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Candidate Evaluations Through the Lens of Adaptive Followership Psychology: How and Why Voters Prefer Leaders Based on Character Traits

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An extensive literature in political science shows how citizens' evaluations of politicians—as well as their electoral behavior—are affected by trait impressions of these politicians. However, deeper, interdisciplinary theory building that seeks to address when and for whom specific trait impressions come to guide candidate evaluations remains absent. In this article, I outline the theory of adaptive followership that seeks to address this shortcoming. Grounded in evolutionary psychology, I argue that leadership evolved as a solution to problems of intragroup coordination in ancestral small-scale societies. In order to understand the traits that drive followers' and voters' evaluations of leaders and politicians, one should therefore focus on problems related to group coordination and ask how these problems might regulate followers' prioritizations of various traits in leaders. On this basis, I outline an analytical framework consisting of three predictions that simultaneously formulate how (1) contexts and (2) individual differences of relevance to a given group-coordination problem regulate trait preferences, and (3) how such preferences differ between leaders and nonleaders (i.e., other social categories). The analytical framework is applied for structuring two reviews (including new empirical studies) of the ways through which intergroup conflict and disease threat, respectively, affect followers' trait preferences in leaders. Finally, directions and suggestions for future research on trait-based candidates and leader evaluations are discussed.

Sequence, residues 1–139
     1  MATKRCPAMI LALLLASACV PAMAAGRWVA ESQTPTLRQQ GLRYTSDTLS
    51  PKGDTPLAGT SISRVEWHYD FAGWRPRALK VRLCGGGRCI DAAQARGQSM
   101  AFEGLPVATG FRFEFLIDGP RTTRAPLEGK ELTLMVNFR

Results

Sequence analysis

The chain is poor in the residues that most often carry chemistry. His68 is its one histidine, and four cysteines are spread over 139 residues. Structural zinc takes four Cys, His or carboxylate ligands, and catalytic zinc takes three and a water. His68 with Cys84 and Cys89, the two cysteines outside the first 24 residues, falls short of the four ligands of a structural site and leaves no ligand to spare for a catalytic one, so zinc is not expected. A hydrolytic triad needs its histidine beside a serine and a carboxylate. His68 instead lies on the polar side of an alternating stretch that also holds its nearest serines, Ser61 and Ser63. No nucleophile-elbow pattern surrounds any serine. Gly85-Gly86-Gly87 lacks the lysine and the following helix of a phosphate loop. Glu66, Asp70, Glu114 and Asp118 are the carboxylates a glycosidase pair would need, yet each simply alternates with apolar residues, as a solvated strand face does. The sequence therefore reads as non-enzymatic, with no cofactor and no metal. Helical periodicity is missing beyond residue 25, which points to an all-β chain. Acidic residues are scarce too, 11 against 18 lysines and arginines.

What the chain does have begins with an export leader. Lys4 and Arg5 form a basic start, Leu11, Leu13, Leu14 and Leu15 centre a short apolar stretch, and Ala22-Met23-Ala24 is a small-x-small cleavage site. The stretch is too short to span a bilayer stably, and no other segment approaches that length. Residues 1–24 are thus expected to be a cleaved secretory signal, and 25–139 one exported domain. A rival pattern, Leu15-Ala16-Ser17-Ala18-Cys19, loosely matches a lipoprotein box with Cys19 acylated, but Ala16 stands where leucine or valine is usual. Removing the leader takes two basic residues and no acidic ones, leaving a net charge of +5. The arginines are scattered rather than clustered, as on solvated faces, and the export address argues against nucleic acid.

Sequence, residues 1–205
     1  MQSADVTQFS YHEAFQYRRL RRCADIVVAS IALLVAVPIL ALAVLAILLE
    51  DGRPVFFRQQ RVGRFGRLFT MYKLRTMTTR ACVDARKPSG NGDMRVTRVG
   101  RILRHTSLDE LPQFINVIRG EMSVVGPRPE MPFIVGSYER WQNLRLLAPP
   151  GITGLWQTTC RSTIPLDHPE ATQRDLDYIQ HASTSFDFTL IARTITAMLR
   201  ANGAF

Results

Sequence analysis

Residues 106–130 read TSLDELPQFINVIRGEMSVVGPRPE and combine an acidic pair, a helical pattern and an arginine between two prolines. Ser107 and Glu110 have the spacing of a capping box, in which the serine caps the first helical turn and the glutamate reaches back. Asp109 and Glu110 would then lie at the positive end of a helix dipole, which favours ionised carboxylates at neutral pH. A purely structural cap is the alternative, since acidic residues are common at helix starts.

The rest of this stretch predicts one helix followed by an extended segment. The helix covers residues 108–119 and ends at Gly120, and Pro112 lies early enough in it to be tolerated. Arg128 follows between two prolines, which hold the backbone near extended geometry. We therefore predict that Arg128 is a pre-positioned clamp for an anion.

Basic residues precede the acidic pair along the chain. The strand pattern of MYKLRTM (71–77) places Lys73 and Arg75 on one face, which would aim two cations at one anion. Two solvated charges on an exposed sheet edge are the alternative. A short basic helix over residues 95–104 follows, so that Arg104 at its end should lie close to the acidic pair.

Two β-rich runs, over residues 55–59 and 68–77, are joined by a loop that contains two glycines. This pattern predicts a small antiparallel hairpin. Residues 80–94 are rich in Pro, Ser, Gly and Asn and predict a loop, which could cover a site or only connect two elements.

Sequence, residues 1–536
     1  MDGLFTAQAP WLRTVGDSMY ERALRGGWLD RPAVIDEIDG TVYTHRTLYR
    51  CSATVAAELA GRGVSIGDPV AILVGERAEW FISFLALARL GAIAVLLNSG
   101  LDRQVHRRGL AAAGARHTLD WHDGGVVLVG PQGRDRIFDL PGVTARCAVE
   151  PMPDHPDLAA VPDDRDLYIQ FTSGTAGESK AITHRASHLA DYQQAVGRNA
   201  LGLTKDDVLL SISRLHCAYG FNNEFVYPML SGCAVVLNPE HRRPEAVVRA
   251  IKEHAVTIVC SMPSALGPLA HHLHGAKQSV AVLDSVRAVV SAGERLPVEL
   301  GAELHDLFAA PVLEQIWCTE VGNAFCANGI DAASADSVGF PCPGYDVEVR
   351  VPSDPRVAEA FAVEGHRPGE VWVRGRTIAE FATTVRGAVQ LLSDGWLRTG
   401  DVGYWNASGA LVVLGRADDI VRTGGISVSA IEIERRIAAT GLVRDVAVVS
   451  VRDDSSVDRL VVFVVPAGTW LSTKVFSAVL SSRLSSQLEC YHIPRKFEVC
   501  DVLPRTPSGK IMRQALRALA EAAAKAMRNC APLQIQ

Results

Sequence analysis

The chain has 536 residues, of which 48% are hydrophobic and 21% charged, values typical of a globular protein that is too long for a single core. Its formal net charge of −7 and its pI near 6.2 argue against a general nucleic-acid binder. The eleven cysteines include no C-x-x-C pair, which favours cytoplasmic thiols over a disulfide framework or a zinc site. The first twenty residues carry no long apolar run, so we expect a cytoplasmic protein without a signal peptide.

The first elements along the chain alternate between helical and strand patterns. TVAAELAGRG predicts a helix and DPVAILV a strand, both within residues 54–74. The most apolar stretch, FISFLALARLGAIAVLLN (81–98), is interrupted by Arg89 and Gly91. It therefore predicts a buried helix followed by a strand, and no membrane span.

Original languageEnglish
JournalPolitical Psychology
Pages (from-to)109-148
Number of pages40
Publication statusPublished - Dec 2021

    Research areas

  • disease threat, evolutionary psychology, followership, intergroup conflict, leaders, political candidates

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